Baltimore health officials work with the Family League of Baltimore on the B'More for Healthy Babies program that focused on teen pregnancy and other issues in at-risk communities. The group attends more than 40 events, such as health fairs, each quarter to promote safe sex practices and family planning.

"We help you identify when you would like to have a child rather than have it happen haphazardly," said Cathy Costa, director of B'more for Healthy Babies.

City officials also reached many teens through an initiative called "Know What U Want" which challenges teens to think about their futures. If they want to go to college, they are asked to think about what they need to do, for example, becoming a parent later.

"A lot of what teen pregnancy is about is hope for the future," said Rebecca Dineen, assistant commissioner for maternal and child health for the Baltimore Health Department. "It's all about thinking about what you might want in the future."

The program was promoted through social media and "guerrilla" marketing, such as sidewalk messages written in chalk or spray paint. The messages directed teens to an educational website with a list of community centers and birth control methods. They also used teens to talk to other teens.

Greater acceptance of, and access to, long-term birth control methods such as IUDs also contributed to the decline in pregnancy rates, city officials said. So has better education to clear up misconceptions about birth control, such as that it promotes weight gain.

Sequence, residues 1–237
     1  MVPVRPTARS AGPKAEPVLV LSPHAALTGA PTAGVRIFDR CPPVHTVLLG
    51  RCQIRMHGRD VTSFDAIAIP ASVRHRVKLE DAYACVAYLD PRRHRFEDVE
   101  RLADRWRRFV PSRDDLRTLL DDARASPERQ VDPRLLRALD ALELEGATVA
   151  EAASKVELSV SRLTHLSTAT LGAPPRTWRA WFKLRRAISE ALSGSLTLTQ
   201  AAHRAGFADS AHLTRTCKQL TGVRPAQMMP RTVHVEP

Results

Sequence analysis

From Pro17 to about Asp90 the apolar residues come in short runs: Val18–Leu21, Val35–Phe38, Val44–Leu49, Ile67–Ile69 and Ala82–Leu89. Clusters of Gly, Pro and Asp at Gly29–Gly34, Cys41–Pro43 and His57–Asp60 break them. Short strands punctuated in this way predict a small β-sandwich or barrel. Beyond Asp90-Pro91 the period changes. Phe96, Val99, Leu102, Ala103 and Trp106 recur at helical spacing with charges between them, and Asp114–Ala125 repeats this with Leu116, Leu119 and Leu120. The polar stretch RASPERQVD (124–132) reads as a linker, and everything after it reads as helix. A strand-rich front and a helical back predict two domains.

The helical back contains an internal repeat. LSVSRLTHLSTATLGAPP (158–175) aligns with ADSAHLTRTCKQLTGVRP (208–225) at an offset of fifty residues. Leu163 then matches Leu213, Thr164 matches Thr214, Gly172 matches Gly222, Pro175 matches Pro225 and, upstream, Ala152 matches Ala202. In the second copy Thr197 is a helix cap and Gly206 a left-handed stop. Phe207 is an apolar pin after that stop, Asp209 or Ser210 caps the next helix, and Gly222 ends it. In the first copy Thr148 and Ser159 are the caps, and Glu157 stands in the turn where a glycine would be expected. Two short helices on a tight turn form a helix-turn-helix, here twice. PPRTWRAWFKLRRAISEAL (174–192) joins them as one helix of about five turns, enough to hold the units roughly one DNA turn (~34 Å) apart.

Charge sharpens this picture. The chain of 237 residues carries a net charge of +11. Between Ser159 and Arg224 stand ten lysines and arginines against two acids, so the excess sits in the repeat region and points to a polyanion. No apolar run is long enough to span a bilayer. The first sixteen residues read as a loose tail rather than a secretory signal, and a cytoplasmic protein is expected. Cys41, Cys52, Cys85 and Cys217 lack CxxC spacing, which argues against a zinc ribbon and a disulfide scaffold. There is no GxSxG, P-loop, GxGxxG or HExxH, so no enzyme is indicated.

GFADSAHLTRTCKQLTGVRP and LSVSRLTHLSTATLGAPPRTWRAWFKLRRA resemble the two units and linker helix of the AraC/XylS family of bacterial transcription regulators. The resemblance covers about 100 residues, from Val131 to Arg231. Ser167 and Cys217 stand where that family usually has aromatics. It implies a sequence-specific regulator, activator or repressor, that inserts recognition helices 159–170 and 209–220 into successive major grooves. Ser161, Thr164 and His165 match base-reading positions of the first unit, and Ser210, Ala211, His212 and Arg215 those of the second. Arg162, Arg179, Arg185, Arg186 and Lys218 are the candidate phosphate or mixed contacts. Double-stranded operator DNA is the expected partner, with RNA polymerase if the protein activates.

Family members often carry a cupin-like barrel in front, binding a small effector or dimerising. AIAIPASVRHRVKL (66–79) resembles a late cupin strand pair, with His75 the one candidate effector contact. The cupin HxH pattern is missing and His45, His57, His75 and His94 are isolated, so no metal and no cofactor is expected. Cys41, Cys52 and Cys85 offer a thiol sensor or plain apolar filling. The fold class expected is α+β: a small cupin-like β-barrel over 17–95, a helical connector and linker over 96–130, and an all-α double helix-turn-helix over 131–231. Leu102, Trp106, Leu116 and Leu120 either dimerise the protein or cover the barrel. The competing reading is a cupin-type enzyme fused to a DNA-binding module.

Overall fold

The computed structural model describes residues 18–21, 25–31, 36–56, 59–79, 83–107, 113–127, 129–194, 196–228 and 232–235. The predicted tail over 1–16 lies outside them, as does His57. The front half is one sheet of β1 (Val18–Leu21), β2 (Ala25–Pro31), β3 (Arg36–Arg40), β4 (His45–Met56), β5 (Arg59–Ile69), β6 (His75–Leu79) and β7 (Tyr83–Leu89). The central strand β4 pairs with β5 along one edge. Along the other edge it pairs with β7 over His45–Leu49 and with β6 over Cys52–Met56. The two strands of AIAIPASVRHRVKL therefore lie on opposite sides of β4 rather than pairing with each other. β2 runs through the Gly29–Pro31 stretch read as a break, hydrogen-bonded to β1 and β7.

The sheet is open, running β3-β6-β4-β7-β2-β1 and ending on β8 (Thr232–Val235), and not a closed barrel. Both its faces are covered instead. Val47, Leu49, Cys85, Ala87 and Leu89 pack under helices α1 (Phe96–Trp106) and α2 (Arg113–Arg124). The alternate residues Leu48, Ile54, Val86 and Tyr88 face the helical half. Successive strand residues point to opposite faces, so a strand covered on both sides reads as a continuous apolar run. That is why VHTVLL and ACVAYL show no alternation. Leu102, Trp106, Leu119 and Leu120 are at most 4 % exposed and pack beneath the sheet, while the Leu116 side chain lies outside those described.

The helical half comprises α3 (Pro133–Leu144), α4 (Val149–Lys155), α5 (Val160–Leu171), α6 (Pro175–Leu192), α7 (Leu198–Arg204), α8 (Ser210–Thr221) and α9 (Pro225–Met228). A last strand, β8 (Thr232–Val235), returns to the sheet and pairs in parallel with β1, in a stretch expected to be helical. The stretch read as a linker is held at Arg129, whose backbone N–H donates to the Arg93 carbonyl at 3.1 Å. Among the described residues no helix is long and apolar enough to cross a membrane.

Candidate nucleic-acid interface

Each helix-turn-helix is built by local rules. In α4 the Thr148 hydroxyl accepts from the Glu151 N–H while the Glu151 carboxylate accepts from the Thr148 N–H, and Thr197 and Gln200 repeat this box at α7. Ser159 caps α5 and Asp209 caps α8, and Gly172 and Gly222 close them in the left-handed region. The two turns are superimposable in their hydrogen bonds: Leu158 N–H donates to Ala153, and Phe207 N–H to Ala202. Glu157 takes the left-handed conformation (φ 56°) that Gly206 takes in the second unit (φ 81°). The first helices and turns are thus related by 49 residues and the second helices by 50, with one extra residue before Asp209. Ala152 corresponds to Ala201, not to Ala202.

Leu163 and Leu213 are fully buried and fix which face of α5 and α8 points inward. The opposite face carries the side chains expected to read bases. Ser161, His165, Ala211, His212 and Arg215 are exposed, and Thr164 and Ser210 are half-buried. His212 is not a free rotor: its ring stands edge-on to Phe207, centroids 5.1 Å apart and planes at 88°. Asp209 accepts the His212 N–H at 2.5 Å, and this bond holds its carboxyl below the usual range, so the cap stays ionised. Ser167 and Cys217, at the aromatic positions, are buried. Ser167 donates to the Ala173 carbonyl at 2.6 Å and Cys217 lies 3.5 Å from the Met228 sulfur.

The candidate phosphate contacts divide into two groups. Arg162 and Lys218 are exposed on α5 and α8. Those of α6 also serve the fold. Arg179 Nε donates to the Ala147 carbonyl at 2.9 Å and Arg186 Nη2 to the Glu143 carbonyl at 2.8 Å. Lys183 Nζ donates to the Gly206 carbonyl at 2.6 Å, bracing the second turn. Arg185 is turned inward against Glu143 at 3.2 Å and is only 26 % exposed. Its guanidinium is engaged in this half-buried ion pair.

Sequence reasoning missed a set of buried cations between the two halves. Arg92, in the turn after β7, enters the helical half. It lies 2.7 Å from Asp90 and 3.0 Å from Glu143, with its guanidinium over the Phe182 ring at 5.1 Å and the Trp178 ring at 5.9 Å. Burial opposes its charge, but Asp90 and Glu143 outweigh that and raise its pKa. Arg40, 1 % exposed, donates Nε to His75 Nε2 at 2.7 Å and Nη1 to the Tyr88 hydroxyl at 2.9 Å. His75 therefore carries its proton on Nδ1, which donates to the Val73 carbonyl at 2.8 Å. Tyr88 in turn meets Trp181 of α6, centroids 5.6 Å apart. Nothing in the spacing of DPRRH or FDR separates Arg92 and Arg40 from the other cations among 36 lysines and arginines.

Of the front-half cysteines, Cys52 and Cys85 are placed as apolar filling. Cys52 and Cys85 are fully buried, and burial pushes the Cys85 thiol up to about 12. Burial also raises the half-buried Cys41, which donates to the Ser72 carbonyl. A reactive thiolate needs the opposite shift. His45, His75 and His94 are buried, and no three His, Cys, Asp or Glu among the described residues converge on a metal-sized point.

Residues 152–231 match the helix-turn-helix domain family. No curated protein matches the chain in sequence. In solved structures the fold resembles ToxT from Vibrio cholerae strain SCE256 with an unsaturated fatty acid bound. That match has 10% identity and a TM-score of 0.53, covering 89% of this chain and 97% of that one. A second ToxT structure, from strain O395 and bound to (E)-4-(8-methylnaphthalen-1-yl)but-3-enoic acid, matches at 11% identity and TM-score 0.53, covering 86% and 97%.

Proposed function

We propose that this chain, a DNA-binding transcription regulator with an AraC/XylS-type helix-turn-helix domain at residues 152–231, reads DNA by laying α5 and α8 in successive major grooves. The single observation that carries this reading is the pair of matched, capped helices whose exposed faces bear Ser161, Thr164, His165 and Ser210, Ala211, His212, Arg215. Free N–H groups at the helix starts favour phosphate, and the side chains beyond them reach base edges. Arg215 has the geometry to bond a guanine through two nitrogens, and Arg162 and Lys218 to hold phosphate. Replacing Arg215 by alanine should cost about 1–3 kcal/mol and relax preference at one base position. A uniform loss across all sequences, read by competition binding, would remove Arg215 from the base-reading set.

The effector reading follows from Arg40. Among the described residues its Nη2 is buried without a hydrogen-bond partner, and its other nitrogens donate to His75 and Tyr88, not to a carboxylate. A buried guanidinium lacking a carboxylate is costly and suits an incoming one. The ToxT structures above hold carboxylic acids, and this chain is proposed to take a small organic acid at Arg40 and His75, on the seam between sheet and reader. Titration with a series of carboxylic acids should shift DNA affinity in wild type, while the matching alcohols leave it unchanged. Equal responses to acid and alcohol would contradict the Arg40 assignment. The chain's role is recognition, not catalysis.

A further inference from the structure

But state officials know they are missing some teens and are working on other ways to address the issue, including applying for funds to create a comprehensive sex education curriculum for schools. They also want to get educational videos into health centers to reach those teens not attending school.

The methods are similar to those used nationally to lower teen pregnancy rates, said Dr. Melissa Gilliam, professor of obstetrics and gynecology and pediatrics and chief of family planning at the University of Chicago.

She said teen pregnancy rates have been falling since 1990, and over the years there have been several reasons. The economy pushed down pregnancy rates in general. But for teens, she said, "people began taking the issue seriously."

She also cited increased access to more varieties of contraception. A study in Colorado, for example, found offering free contraception to teens made a big difference.

And other studies found benefits when parents share their feelings and morals on sex with their children, she said. Programs purely focused on abstinence, however, were not found to be effective.

The disparities are tougher to address, Gilliam said, because when minorities also live in poverty, they don't have access to quality education, health care or safety and are less motivated to delay pregnancy to stay in school.

"We've made a lot of inroads," she said. "But you're going to hit these bigger barriers and we need to address them."

meredith.cohn@baltsun.com

amcdaniels@baltsun.com